5. If you get the opportunity to run down a dune, take it.
“Do you have a rope?” the man asked us the next afternoon.
We’d just arrived at the Sossusvlei dunes, an hour in from the Namib- Naukluft National Park entrance, and were deflating our tires to make our way through the last few sandy kilometers of off-roading. The shuttles that ferried less intrepid visitors were running their last rounds. He gestured to another Toyota Fortuner, stuck barely 50 feet away. “We’re finishing up for the day,” he warned. His message was clear: if — when — we got into trouble, we were on our own.
We sailed past Dusty’s kinsman foundering in the dirt, revving into our destination in 15 minutes.
Ascending to heights of more than 1,000 feet, Namibia’s ancient dunes are among the tallest in the world. “They look like mountain ranges,” Sabiha had remarked when we first spotted them on the horizon.
The Namib Desert is the oldest in the world, and at 1,066 feet, Big Daddy, the tallest dune in the area, is the one we chose to conquer. We reached the summit in an hour and a half. Directly below lay the notorious Deadvlei: the desiccated clay pan, or “dead marsh,” petrified white earth studded with carcasses of acacia trees crisped into charcoal stumps. The effect is macabre, surreal, like a Dalí painting come to life — except it’s utterly devoid of life.
6. Know how to change a flat tire (or at least how to hail for help).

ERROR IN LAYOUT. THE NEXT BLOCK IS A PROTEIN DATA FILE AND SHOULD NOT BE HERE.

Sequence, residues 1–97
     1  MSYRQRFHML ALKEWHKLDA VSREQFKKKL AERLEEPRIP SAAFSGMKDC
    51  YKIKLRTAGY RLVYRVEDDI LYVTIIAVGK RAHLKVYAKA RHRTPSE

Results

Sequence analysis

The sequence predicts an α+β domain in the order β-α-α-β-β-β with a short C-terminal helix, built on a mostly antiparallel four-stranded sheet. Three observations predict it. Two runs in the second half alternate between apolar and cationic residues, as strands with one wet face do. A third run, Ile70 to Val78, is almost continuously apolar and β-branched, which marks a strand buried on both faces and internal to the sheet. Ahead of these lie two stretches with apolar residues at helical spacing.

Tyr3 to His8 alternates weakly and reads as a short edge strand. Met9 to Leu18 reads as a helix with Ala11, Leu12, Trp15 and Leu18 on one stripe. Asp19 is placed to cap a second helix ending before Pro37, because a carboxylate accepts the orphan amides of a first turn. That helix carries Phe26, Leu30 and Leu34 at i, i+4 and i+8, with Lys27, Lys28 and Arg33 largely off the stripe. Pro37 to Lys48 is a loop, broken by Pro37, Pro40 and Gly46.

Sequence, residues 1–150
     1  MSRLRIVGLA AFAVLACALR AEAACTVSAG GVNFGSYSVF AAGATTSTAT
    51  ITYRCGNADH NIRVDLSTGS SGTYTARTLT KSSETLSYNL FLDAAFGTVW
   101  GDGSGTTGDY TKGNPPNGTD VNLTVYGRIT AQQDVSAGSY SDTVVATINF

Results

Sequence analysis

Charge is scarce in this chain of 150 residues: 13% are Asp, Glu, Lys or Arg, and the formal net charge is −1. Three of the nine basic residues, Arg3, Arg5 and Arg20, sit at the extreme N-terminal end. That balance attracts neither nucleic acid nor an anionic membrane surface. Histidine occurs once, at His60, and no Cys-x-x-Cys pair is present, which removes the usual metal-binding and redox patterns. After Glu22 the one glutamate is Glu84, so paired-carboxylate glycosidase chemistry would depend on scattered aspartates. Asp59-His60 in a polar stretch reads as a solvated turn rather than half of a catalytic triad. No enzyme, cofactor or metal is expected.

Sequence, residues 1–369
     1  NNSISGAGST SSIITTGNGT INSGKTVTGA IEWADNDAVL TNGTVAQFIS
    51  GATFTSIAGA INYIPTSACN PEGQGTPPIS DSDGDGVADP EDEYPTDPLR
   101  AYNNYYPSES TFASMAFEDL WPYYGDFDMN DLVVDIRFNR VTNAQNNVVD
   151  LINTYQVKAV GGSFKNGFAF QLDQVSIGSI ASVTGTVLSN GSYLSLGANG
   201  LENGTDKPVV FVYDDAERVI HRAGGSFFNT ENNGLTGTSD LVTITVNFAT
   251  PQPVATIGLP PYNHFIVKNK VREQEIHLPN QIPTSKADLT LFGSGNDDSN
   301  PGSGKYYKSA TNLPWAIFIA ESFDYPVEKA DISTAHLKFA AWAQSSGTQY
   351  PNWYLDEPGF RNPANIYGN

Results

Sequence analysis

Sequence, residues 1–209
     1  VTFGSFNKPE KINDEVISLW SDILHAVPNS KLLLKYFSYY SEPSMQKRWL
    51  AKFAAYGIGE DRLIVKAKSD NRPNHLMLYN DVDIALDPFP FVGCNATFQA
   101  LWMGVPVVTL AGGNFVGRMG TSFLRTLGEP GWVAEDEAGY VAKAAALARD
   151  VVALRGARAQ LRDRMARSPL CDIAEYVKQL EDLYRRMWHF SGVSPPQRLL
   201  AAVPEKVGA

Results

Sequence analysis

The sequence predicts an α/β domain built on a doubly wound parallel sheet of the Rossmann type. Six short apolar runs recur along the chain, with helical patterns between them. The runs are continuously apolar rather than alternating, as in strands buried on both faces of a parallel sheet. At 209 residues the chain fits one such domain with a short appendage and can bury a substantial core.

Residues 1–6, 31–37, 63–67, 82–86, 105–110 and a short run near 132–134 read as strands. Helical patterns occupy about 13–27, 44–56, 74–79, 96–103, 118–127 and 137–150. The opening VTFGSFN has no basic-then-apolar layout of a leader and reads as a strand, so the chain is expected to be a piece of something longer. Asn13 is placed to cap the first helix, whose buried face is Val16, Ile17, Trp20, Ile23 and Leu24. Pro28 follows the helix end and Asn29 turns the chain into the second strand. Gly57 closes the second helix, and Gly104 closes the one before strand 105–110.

6b. Always spring for tire insurance.
That afternoon we pressed on from Sossusvlei toward the Atlantic — but first, an age-old rite of passage. Every Namibian trip has at least one flat tire written into its destiny; we met our fate an hour out of Walvis Bay. We saved time by playing the damsels-in-distress routine everyone expected of us, knowing that four women with a flat wouldn’t be stranded for long. And we weren’t.
7. The moon lies about 32 kilometers east of Swakopmund.
If you ask for directions to the moon, you are likely to get blank stares. We realized this on our way out of Swakopmund, searching for an area marked simply on our map as Moon Landscape.
“Are you sure they didn’t just mean … this?” I asked Safiyyah, gesturing to the same barren terrain we’d been seeing throughout Namibia. “No, this isn’t what the moon looks like!” she shot back.
When we finally found it, the scenery was as lunar as advertised. Just when you think Namibia’s terrain is unlike anything on earth, it goes celestial on you.
8. Namibians can be a trusting people.
We returned to Earth by way of Cape Cross, a remote outpost that’s home to a tidy lodge, a smelly seal colony and little else, driving along a road lined with testaments to Namibian ethics. The fields surrounding the highway shimmer with salt crystals, and enterprising souls have gathered and cleaned the most beautiful, displaying them on unmanned stalls. Prospective shoppers pull over, select their favorites, consult a price list and drop the appropriate amount into a peanut butter jar, presumably to be collected in the future.
9. Always yield to elephants.
Driving in Namibia is not for the easily distracted: A high tolerance for monotonous roads and an ability to focus as an uninterrupted terra-cotta canvas unfurls around you is imperative.
Safiyyah and Aadila had just dozed off in the back when the occasional elephant-crossing sign I’d noted with amusement became all too real. A few seconds earlier and we might have gotten a trifle too close for comfort; a few seconds later and we would have missed them entirely.
THE NEW YORK TIMES PHOTOS/JOAO SILVA